The 7th-most populous county in the United States is looking to flexibility to help solve its traffic problem. The highways and byways of Miami-Dade County have gotten so congested that county commissioners are considering opening “telecommuting centers” to let its county employees work closer to home.
The resolution, which was passed in a unanimous vote on September 7, "directs the county mayor's office to count the number of employees who could feasibly work remotely, identify potential sites, and examine how telecommuting centers would affect traffic," the Miami New Times reports. These centers would be most likely affect "back office workers"—e.g. HR employees, accountants, and other workers who don't usually interact with the public—and would likely be most beneficial for employees who live in the southern and western areas of the county.
"Rather than having everybody come downtown, have them go to centers where they can basically work through technology and still accomplish what they need to do and have traffic patterns begin to change, so you don't have everybody on the same roads at the same time trying to get to the same place," Commissioner Dennis Moss said in a meeting about the idea in July.
In addition to these new workspaces, the commissioners are also considering letting employees work from home. "I also believe that telecommuting by staying at home is a part of what we're going to have to do in the future in order to deal with this congestion problem," Moss said in July. "There's no silver bullet. Transit, telecommuting centers, telecommuting from home—all of those are part of the solution long-term."
These ideas—versions of the flexibility types we call Remote, i.e. location independence, and DeskPlus, i.e. location variety—aren't unprecedented in the public sector. For years, the U.S. Department of Agriculture encouraged its employees to telework, until an initiative this spring put strict restrictions on telecommuting. In March, The Washington Post reported the USDA's new restrictions could add nearly 42,000 commuter trips to the local infrastructure every week, or 2.1 million trips every year.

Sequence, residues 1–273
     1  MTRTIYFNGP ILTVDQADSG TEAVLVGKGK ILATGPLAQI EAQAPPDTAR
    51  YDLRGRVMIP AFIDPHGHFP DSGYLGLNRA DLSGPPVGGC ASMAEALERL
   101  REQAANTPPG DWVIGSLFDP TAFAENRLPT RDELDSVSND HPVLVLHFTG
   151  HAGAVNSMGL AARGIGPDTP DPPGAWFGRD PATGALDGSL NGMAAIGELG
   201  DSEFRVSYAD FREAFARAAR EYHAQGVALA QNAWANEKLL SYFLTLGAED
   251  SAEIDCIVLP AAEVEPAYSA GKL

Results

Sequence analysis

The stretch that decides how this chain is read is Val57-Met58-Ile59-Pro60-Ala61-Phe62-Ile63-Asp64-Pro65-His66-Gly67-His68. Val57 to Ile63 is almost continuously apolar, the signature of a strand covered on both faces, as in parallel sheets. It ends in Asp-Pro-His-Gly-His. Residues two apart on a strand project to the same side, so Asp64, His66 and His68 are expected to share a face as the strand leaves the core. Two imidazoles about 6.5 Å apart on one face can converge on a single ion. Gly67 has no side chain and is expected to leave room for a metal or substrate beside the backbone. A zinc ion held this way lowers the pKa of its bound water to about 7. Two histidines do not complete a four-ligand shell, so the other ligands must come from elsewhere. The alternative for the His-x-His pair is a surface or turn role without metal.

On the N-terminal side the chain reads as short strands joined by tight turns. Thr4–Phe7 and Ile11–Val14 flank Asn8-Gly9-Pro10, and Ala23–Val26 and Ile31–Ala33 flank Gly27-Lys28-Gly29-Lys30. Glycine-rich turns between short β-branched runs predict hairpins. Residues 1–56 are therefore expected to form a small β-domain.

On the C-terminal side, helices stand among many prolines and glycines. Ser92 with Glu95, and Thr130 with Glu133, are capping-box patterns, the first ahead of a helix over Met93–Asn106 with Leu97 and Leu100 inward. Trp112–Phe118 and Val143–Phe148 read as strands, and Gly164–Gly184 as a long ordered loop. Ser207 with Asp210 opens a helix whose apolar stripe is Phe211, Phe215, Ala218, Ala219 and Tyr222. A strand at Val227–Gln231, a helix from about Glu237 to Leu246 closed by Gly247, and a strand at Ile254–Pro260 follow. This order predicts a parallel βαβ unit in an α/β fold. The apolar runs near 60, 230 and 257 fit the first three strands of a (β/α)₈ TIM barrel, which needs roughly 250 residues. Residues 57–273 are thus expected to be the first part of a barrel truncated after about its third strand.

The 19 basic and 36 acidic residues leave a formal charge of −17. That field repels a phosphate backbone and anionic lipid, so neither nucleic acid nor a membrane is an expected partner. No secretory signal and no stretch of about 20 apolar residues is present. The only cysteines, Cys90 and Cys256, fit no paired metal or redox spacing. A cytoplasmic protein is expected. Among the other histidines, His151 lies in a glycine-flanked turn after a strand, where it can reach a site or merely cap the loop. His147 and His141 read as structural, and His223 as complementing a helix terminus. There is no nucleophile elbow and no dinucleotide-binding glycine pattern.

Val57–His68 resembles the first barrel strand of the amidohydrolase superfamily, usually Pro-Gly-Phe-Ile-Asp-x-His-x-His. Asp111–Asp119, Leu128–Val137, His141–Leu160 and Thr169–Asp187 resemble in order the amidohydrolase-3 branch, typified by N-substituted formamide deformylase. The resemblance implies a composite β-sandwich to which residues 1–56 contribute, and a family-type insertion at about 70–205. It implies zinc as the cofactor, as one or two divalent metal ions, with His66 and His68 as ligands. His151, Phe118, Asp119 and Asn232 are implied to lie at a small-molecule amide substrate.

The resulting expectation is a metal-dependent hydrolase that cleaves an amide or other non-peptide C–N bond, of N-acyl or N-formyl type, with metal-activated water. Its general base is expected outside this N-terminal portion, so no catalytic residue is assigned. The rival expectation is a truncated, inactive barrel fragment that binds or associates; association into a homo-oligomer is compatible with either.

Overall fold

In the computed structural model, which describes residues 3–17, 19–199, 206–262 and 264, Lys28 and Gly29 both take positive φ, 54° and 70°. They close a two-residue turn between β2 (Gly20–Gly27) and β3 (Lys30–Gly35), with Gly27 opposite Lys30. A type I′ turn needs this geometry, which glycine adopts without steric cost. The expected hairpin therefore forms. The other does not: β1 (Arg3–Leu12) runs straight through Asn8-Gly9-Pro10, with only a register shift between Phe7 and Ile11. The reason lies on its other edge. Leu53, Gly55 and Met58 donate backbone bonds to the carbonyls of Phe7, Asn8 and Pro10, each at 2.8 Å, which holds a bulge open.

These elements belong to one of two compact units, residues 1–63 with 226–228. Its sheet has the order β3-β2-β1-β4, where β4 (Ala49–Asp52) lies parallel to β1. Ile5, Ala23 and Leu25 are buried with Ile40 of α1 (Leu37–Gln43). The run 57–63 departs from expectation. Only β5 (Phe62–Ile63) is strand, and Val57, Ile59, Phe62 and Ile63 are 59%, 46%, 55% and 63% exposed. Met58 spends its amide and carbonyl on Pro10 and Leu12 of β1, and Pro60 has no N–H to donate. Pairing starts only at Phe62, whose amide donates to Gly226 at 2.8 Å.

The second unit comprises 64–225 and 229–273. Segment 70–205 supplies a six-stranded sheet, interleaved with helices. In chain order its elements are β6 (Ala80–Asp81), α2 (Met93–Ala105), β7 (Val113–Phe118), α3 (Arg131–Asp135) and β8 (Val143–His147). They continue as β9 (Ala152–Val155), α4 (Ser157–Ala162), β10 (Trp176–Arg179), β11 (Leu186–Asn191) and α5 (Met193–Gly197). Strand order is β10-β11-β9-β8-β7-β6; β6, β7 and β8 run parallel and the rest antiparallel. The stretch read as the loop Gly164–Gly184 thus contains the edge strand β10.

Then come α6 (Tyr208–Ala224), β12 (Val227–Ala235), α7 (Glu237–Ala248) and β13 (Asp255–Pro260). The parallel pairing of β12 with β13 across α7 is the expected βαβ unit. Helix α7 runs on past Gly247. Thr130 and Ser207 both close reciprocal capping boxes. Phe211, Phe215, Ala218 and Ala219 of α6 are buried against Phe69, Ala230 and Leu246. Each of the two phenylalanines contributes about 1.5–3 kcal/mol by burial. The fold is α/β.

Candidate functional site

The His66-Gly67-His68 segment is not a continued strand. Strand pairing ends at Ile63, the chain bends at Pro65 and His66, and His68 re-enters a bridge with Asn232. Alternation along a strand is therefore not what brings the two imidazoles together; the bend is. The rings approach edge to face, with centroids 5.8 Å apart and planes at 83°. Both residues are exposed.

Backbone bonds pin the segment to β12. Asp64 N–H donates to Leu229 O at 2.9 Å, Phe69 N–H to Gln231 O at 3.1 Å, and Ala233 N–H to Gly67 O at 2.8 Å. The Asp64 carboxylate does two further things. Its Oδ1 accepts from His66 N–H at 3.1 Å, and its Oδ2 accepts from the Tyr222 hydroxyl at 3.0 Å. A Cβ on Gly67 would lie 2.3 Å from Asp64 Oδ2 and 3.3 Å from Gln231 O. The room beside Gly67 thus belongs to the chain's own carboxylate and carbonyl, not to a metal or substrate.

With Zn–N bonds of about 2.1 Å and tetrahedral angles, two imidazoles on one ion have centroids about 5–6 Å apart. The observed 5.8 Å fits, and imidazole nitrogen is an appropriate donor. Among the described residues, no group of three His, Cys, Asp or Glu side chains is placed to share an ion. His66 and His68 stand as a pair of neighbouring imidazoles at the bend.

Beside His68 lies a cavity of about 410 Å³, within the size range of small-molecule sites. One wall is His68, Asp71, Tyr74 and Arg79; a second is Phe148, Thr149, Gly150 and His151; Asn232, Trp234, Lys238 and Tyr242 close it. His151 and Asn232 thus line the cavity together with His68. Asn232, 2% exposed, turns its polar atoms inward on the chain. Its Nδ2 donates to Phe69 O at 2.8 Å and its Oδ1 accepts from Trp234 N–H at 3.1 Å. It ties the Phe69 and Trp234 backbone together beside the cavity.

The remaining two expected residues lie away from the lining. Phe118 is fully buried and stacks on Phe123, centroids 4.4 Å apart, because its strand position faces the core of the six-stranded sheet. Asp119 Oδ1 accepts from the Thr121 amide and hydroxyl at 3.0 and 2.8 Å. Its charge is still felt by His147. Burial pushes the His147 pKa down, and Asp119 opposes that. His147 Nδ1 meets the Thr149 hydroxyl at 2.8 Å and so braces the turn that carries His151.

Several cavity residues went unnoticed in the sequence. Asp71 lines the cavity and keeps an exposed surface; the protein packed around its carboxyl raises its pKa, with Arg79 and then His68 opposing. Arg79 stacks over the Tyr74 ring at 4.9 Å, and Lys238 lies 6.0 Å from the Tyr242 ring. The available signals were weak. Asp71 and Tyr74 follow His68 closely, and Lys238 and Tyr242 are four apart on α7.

But if Miami-Dade County goes forward with location variety, and if these centers prove successful in reducing traffic in the area, organizations in both the public and private sectors might become more accepting of location variety.
Plus, organizations that do embrace location variety will find that this type of flexibility can also improve not just employee morale but productivity, too. As we note in our research paper, a recent study published in The Quarterly Journal of Economics showed that the ability to work outside the office has a significant impact on employee productivity. The researchers studied Ctrip, China's largest travel agency, and found that the employees who worked remotely had a "massive" performance improvement of 13 percent. The researchers attributed this productivity boost in part to remote workers working full shifts, since they weren't taking long lunches with co-workers or sitting in traffic.
One of the biggest arguments for using location variety to combat traffic, however, is the environmental angle. As we previously reported on WerkLife, remote work supports seven of the UN Sustainable Development Goals that 193 countries adopted in 2015. And if the 53 million Americans who can work from home did, the resulting decrease of carbon emissions would be equivalent to taking more than 27 million vehicles off the road.
In these ways, location-based flexibility is a win for employees, a win for employers, and a win for the environment.